- In addition, The California Department of Education (CDE) recently posted the third apportionment for the Charter School Facility Grant Program (SB 740 program). This apportionment provides nearly six million dollars more in funding for 45 more schools for reimbursement of facility costs incurred during the 2009-10 school year. CCSA worked with CDE on this issue, and we appreciate the hard work of CDE staff in getting this money out the door. We understand that CDE is now processing current year payments, and will soon release apportionments for some of the 2010-11 costs. This will be the first year that schools will receive a portion of their costs during the fiscal year they are incurred, and a huge step forward for the program.
- In the summer of 2010, CCSA brought diverse partners together to collaborate and close Revenue Anticipation Note (RAN) deals for Birmingham Community Charter High School and Aspire Public Schools. These offerings were the first-ever working capital programs to use a state-intercept mechanism through the California School Finance Authority. Moving forward, this RAN structure has the potential to assist more charter schools, particularly larger schools, across the state.
- In the fall of 2010, CCSA convened charter school leaders, members of the banking community, representatives from philanthropic foundations, the California School Finance Authority and the California Department of Education for in-depth conversations about charter school funding equity and access to working capital financing.
- At least 28% of public schools' anticipated 2010-11 ADA funding is being delayed until at July and August. CCSA, together with Nonprofit Finance Fund, Enterprise Community Partners and Low Income Investment Fund, created an Emergency Loan Program to assist our members with these anticipated apportionment funding delays.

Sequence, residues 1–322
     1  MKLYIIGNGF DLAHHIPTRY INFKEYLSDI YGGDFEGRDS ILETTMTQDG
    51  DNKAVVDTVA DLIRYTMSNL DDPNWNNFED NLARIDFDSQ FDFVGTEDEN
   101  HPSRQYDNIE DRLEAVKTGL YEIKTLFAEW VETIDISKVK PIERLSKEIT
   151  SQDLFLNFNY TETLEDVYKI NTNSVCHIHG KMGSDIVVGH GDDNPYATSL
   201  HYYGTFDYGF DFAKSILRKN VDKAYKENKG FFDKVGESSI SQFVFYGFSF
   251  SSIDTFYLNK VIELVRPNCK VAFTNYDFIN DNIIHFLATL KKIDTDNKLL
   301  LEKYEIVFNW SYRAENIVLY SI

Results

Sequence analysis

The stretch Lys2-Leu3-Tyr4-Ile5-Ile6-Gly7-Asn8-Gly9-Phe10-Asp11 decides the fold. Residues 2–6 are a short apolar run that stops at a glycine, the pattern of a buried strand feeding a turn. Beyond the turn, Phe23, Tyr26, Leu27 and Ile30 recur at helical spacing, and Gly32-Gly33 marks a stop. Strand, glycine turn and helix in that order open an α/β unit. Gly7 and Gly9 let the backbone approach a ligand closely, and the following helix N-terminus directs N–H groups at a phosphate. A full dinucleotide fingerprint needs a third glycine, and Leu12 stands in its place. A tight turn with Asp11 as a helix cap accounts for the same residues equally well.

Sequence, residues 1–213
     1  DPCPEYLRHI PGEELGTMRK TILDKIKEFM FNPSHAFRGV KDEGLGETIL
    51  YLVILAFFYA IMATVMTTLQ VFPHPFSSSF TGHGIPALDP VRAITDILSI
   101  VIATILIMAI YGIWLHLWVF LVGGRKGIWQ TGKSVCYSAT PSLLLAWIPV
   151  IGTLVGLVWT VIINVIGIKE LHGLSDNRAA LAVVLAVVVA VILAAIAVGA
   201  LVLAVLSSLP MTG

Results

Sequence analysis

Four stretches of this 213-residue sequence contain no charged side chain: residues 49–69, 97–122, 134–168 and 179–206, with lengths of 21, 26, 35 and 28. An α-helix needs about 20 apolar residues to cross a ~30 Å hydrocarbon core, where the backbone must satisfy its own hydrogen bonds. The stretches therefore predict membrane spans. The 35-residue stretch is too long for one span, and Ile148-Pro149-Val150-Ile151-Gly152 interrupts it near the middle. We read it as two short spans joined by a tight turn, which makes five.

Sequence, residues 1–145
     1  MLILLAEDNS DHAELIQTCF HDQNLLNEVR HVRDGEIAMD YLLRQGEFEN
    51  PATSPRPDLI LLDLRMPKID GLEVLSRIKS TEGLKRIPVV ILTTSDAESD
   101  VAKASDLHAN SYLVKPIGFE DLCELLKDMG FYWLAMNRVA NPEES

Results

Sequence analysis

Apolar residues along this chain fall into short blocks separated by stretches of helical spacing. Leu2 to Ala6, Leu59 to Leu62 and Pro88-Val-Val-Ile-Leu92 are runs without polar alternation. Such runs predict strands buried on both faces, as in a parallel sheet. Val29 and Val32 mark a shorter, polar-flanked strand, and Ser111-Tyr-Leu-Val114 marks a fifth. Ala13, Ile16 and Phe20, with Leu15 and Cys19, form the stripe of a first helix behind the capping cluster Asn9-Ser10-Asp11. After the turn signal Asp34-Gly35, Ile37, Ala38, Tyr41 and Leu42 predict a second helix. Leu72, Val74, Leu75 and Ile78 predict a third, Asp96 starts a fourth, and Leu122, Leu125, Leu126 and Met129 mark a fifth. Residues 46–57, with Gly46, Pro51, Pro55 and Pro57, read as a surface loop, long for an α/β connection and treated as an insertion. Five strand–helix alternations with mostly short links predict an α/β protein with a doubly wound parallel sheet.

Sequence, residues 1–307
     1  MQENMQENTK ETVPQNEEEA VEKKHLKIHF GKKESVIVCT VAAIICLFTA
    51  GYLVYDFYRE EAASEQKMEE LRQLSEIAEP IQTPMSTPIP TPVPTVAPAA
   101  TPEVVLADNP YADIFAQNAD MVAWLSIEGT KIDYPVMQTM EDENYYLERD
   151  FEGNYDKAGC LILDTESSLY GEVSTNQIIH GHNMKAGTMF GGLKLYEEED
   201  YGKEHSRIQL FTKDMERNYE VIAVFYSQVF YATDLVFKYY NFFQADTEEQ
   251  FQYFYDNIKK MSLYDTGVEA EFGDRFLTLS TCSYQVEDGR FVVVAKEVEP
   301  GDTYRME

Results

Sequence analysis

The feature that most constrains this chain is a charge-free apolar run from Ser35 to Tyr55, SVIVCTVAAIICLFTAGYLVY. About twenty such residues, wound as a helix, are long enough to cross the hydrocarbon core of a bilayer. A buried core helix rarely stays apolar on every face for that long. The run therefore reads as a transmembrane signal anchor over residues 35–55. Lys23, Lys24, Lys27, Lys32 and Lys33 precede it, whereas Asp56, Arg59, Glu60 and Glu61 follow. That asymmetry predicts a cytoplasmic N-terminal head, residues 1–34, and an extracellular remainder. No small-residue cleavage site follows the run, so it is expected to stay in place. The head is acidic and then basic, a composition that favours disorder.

Another bright spot is the recent signing of a compact between charters and the Los Angeles Unified School District. Among other things, the compact commits the district to including charter schools in any revenue generated by Tax Revenue Anticipation Notes or parcel tax initiatives. Our hope is that other school districts will also recognize the value in providing charter schools--and their students--equitable access to funds.
This is not a theoretical discussion. Charters are a growing presence in California, with 115 new charter schools opening this school year alone. That means that California is now home to 912 charter schools and well over 316,000 students, all of whom deserve better than schools facing an untenable cash flow situation caused by State deferrals, apportionment funding delays and difficulty in securing affordable short-term loans.
There is no doubt that our state leaders could also be doing more so that charters have more options available to them. Though our governmental advocacy, product development and partnerships with private finance providers, CCSA and our members will remain focused on this issue to ensure that charter school students receive the same funds as their traditional public school counterparts, and have more alternatives to access working capital when they need it most.